By Lloyd Jones
While we're putting our shovels and snowblowers through an extra month of use, the boys of summer have returned. Spring training is over, baseball is back and these games all count.
"There are only two seasons — winter and baseball." — Bill Veeck.
With the opening crack of the bat, that means it's time for some fearless predictions.
Starting with the local nine, Boston will win the AL East.
Sure, the Sox are going to miss David Ortiz in the middle of the lineup, but this team is going to score runs in bunches. Plus, the pitching will be better with the addition of Chris Sale. Sale is going to be must watch like those days when Pedro took to the hill. He has a confident swagger about him on the mound and seems a sure-bet to win 20 games this season.
If David Price can return in mid-May and be David Price, the Sox can run away with the division. Boston also will get a helping hand, probably in June, by the return of sensational reliever Carson Smith. Pair him with Tyler Thornburg and that's two strong arms in front of closer Craig Kimbrel. The bullpen can be a difference-maker for the first time in a long time.
With Ortiz not walking through the dugout anytime soon, the Sox are still one of the best offenses in the game. The outfield of Mookie Betts, Jackie Bradley and Rookie of the Year frontrunner Andrew Benintendi are going to be fun to watch. Also, look for Hanley Ramirez to have another monster year as he moves into more of a leadership role. Pablo Sandoval and Mitch Moreland will hit, too.
"People ask me what I do in winter when there's no baseball. I'll tell you what I do. I stare out the window and wait for spring." — Rogers Hornsby.
The Toronto Blue Jays will be the team chasing Boston in the standings. The Jays have strong pitching staff. Aaron Sanchez should take another step towards elite starters this summer.
The New York Yankees have a batch of veterans and young guns, but no real standout players in their prime. The youngsters (Greg Bird, Aaron Judge and Gary Sanchez) need to play a little above their heads to contend.
Tampa Bay and Baltimore are either hitting thin or pitching thin. Can't see either breaking the 80 win total.
"Baseball, it is said, is only a game. True. And the Grand Canyon is only a hole in Arizona. Not all holes, or games, are created equal." — George Will.
In the AL Central, if Cleveland doesn't win the division, things will have gone horribly array in the mistake by the lake. The Tribe are a popular choice to head back to the World Series. They've added a bopper to their lineup in Edwin Encarnacion, and figure to have a healthy return in Michael Brantley, who missed pretty-much all of last season after finishing third in the MVP voting in 2015. Throw in healthy starters Carlos Carrasco and Danny Salazar, plus the best manger in baseball in Terry Franconia, and what's not to like?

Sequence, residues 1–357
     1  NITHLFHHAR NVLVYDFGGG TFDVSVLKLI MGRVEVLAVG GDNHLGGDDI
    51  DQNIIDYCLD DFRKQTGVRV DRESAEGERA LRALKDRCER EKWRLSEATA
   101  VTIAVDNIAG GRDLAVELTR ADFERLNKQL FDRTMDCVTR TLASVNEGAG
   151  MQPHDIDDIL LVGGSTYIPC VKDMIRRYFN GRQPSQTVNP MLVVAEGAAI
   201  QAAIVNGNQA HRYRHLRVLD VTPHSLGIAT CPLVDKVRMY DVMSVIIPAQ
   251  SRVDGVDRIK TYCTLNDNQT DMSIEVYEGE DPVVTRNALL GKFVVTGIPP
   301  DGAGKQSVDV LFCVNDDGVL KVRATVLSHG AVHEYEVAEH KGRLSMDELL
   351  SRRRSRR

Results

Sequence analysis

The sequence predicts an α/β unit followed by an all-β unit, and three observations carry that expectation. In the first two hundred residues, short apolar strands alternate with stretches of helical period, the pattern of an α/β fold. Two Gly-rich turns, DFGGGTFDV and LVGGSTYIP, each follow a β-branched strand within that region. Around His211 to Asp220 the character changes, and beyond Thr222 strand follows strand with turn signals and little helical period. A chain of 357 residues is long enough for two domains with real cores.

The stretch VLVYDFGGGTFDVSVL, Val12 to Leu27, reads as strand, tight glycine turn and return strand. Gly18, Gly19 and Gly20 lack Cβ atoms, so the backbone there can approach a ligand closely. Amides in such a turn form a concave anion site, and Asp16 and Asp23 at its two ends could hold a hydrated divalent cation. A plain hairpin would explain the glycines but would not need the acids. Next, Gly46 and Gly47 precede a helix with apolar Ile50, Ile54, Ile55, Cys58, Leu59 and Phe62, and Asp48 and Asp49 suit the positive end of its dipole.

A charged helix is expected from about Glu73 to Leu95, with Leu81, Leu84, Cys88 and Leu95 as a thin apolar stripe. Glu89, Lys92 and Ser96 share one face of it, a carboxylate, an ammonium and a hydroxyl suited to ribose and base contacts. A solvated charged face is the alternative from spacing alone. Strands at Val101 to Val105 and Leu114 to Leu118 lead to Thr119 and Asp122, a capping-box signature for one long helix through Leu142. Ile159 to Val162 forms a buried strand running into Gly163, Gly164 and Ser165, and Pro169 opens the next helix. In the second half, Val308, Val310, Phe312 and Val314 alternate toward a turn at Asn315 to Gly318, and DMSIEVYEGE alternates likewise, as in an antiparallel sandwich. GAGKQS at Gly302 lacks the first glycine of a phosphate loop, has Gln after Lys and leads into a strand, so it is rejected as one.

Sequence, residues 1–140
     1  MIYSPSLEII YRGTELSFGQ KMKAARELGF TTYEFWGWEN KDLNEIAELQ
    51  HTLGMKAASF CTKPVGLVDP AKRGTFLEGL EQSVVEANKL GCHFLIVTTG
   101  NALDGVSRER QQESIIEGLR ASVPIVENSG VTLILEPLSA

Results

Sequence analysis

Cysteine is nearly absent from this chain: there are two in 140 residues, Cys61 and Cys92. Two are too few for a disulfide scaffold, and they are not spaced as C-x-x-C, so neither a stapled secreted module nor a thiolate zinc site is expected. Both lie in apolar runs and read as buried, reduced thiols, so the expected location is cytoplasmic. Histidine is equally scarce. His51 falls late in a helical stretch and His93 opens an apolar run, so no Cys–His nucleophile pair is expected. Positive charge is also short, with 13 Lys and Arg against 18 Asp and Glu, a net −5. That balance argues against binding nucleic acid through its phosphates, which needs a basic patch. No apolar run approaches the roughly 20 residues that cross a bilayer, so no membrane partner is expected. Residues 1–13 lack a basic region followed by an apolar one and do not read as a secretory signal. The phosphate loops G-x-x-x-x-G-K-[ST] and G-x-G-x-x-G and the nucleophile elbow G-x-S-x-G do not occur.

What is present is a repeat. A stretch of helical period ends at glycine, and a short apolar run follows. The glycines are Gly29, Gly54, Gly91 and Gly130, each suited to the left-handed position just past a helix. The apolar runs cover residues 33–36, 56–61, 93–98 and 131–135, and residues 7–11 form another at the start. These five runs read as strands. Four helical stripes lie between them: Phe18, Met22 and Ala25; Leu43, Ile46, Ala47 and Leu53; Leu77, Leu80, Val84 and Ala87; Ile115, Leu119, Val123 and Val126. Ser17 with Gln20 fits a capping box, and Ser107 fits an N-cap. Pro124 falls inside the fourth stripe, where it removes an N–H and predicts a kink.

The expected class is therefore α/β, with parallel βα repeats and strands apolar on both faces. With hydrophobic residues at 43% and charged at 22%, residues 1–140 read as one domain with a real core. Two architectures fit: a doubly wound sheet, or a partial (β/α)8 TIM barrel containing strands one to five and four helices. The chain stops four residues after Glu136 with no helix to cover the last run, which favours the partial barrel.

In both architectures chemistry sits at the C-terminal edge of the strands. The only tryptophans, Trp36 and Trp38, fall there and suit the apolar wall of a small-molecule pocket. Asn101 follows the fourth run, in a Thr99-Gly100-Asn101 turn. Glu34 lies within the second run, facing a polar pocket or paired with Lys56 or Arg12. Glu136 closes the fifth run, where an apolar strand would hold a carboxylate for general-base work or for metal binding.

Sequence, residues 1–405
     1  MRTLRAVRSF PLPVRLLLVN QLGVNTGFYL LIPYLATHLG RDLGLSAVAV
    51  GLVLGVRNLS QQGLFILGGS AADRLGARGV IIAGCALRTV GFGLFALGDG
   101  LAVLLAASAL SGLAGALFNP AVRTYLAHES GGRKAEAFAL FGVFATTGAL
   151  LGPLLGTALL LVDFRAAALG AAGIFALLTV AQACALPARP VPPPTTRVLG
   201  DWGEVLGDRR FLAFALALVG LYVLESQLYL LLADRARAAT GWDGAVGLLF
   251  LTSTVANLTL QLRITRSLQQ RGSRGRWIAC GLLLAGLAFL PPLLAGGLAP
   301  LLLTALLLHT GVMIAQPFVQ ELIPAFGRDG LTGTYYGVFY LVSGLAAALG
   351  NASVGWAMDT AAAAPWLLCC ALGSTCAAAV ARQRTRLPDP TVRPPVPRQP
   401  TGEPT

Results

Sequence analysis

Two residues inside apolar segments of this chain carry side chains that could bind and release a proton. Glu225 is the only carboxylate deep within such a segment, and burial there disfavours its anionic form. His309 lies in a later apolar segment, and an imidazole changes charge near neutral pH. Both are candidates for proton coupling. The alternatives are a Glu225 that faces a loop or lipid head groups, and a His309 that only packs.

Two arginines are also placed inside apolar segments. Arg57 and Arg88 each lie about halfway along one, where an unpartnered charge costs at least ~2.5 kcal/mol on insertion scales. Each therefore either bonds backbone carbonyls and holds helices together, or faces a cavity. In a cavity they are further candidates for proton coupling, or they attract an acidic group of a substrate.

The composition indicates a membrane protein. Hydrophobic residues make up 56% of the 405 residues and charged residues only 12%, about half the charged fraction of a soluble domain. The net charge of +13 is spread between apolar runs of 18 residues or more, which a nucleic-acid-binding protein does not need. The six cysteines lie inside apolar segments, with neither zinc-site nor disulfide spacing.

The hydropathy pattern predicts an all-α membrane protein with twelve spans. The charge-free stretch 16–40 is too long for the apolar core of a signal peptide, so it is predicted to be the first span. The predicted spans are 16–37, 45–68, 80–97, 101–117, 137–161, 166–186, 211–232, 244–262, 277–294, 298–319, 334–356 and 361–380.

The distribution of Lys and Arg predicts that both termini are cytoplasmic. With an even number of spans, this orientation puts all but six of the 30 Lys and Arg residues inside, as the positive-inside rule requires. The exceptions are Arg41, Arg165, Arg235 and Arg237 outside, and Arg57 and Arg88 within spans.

Detroit needs its veterans to stay healthy in order to stay within sniffing distance of the playoffs.
Kansas City isn't getting a lot of love, and the Royals just might surprise some people.
The Twins and White Sox have some young talent, but are a few years away from making any noise in the division.
"There ain't much to being a ballplayer, if you're a ballplayer." — Honus Wagner
The AL West should be fun to follow this summer. The Astros, Rangers and Mariners all look like potential playoff teams. Seattle is the pick here. The offseason additions of Jean Segura and Mitch Haniger in the Tajuan Walker trade gives them the nod. Just a hunch, but King Felix (Hernandez) will be be very good again, and James Paxton stays healthy to give the Mariners a strong one-two punch.
The Astros are going to score runs and look like a playoff team. Same is true for the Rangers.
The Angels and Athletics have way too many holes to fill before contending.
"Little League baseball is a very good thing because it keeps the parents off the streets." — Yogi Berra.
In the NL East, the Mets could have the best rotation in baseball. If Matt Harvey and Zack Wheeler live up to there pre-injury hype, New York is going to be tough to beat, but the Nationals are gong to beat them. Bryce Harper wins the MVP and Stephen Strasburg and Max Scherzer go one-two in the Cy Young voting.
The Miami Marlins drawing rooting interest in these parts because of Jeff Locke. Jeff is rehabbing from bicep tendinitis. Bold pick, Jeff leads the Marlins in wins this season even starting a few weeks behind the rest of the fish.
Braves and Phillies are better than last year's records, but the division is too tough for them to make any noise.
"Bob Gibson is the luckiest pitcher I ever saw. He always pitches when the other team doesn't score any runs." — Tim McCarver.
The Chicago Cubs will win the NL Central. The team is loaded with talent and should be better than last year.
St. Louis is a great baseball town, but the loss of phenom Alex Reyes hurts the rotation.
Pirates will threaten for a Wild Card berth while Milwaukee and Cincinnati fans will have to wait until next year.
"I'd walk through hell in a gasoline suit to play baseball." — Pete Rose.
The LA Dodgers are too good for the rest of the NL West. When your team can't win even after your ace, Madison Bumgarner belts two home runs on Opening Day, that tells you something.
Colorado could surprise in this division if it gets any sort of pitching. It will be no surprise that the Diamondbacks and Padres are not in playoff contention.
"Baseball just a came as simple as a ball and bat. Yet, as complex as the American spirit it symbolizes. A sport, a business and sometimes almost even a religion." — Ernie Harwell.
Red Sox win the AL. Nationals win the NL.
"When you start the game, they don't say 'Work ball!' They say 'Play ball!'" — Willie Stargell.
Boston wins the World Series.
- Category: Sports Columns